Some Say Amazon’s Open Marketplace Allows Company to Profit Off of Racism, Anti-Semitism, and Islamaphobia

Amazon is enabling and profiting from hate groups and ideologies, according to a damning report released on Friday.

The report, “Delivering Hate: How Amazon’s Platforms Are Used to Spread White Supremacy, Anti-Semitism, and Islamophobia,” details a variety of ways that hate groups take advance of Amazon’s massive platforms and inconsistently enforced policies. Two advocacy groups ― Partnership for Working Families and Action Center on Race and the Economy ― compiled the study.

When asked about the report, Amazon referred HuffPost to its official guidelines, which prohibit the selling of “products that promote or glorify hatred, violence, racial, sexual or religious intolerance or promote organizations with such views.”

But critics say that this policy often doesn’t reflect reality.

Amazon’s approximately 300 million active customers can encounter products that feature hate symbols and hateful language on Amazon Marketplace, which has allowed racist, Islamophobic, anti-LGBTQ and anti-Semitic groups to sell merchandise.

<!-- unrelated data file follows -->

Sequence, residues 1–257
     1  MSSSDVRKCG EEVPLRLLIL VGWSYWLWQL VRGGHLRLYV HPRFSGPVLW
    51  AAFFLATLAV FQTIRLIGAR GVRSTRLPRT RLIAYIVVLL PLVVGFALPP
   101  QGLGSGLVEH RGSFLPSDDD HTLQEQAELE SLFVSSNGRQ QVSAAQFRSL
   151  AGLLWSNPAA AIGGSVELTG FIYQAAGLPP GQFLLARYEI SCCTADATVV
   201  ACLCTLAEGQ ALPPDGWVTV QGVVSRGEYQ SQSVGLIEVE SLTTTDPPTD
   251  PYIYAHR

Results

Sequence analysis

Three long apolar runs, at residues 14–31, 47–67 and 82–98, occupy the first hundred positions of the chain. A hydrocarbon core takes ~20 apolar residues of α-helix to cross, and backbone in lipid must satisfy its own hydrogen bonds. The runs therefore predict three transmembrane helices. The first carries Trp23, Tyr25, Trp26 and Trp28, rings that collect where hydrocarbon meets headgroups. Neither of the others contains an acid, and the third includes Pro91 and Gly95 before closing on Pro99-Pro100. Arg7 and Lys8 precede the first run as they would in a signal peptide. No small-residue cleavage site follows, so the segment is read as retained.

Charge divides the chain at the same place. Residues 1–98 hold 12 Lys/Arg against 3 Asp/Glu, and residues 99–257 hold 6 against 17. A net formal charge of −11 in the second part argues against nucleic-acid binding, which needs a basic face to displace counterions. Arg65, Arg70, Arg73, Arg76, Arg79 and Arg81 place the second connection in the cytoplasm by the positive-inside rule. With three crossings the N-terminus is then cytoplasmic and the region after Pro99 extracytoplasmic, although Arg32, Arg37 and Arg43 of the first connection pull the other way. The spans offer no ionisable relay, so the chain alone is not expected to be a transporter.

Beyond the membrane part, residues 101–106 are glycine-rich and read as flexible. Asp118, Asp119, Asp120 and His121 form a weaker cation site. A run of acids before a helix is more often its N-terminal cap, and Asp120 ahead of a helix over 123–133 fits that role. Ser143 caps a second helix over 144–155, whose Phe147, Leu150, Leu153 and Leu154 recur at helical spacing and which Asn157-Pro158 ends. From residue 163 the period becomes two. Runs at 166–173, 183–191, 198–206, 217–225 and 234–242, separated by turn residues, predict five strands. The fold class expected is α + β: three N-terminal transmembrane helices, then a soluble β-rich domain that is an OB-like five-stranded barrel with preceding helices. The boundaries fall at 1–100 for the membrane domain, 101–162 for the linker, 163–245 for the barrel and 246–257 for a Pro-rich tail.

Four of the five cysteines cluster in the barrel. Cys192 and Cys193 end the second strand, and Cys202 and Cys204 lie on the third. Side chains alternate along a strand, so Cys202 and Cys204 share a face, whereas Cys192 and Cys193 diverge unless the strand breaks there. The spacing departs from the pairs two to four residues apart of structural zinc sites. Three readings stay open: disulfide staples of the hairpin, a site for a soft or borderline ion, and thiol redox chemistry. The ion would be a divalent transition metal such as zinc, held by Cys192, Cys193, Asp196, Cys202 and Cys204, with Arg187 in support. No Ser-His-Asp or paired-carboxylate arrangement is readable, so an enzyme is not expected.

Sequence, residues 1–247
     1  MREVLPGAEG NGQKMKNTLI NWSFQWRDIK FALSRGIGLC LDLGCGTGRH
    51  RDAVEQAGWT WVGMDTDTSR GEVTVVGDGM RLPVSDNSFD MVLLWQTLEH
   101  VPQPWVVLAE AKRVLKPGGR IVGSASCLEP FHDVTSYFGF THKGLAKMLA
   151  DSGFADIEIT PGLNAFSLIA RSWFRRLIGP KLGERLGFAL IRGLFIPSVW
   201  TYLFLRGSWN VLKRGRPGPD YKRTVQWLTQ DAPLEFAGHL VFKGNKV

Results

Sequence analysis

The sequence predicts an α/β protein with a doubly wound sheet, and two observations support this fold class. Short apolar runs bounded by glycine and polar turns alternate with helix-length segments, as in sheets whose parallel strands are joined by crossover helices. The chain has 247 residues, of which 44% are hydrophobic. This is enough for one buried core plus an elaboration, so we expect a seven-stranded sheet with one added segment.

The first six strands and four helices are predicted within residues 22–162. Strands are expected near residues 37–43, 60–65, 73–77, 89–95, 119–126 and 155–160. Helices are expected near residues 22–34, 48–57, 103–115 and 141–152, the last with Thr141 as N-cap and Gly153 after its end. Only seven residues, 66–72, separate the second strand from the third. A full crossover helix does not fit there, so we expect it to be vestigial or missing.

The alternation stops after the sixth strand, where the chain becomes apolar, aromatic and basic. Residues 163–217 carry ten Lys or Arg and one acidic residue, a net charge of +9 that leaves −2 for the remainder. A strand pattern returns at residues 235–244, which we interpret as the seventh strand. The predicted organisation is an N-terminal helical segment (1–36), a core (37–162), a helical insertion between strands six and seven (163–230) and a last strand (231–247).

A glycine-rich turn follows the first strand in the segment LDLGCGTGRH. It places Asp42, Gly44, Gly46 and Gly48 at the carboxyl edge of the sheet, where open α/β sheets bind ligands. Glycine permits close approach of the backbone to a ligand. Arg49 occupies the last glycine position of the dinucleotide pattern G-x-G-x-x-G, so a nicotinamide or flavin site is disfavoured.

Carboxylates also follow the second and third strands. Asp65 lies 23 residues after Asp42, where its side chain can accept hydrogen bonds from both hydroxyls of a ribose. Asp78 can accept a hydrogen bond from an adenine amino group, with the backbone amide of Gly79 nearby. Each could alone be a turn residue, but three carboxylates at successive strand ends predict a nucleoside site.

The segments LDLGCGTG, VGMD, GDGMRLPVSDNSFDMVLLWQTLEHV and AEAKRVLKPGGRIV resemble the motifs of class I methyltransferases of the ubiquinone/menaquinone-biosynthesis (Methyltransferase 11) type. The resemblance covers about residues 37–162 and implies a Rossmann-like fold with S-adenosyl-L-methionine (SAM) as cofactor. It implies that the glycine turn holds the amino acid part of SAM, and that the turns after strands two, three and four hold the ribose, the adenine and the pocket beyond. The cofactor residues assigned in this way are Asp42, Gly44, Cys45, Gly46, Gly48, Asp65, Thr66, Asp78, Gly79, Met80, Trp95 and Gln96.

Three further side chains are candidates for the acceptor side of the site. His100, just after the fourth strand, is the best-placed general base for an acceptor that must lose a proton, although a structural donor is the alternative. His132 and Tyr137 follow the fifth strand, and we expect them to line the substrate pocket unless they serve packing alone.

The report found items for sale that included a costume of a lynching victim, a hangman’s noose decal, Nazi memorabilia and children’s toys featuring alt-right symbol Pepe the Frog.

Amazon users can unwittingly purchase these products without realizing that they are funding hate groups that operate on the platform.

Some items, like George Lincoln Rockwell’s children’s book The Fable of the Ducks and the Hens: A Dramatic Saga of Intrigue, Propaganda and Subversion, do not explicitly advertise their white supremacist roots. The book is described as a colorful and entertaining read ― but it is actually a warning about the danger of allowing immigrants into one’s country. The item description also doesn’t mention that Rockwell created the American Nazi Party and coined the phrase “white power.”

“The world of white supremacist symbols is not something that the average person is going to recognize,” said Heidi Beirich, director of the Southern Poverty Law Center’s Intelligence Project. “You could have, for example, an iron cross or you could have obscure things that look cool but you don’t realize that that’s from … a hate group.”

The report detailed items that were active on Amazon as of last month. HuffPost found that some of the items are no longer available for purchase

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SOURCE: Michelle Lou 
Huffington Post